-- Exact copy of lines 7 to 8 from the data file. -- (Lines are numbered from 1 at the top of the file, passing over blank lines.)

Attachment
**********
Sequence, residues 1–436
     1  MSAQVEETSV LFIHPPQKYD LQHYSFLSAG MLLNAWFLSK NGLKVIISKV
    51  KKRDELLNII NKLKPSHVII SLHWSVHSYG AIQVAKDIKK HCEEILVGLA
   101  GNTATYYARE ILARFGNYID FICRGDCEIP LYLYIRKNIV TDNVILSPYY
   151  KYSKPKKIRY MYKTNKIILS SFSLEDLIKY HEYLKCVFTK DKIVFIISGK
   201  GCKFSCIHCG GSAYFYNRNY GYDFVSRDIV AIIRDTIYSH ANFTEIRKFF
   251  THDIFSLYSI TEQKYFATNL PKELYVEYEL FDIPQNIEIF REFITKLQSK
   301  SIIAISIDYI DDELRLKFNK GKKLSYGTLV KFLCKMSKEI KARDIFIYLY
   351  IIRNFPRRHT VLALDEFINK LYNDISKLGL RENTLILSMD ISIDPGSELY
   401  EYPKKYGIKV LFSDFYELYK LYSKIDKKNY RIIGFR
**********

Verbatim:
   251  THDIFSLYSI TEQKYFATNL PKELYVEYEL FDIPQNIEIF REFITKLQSK
   301  SIIAISIDYI DDELRLKFNK GKKLSYGTLV KFLCKMSKEI KARDIFIYLY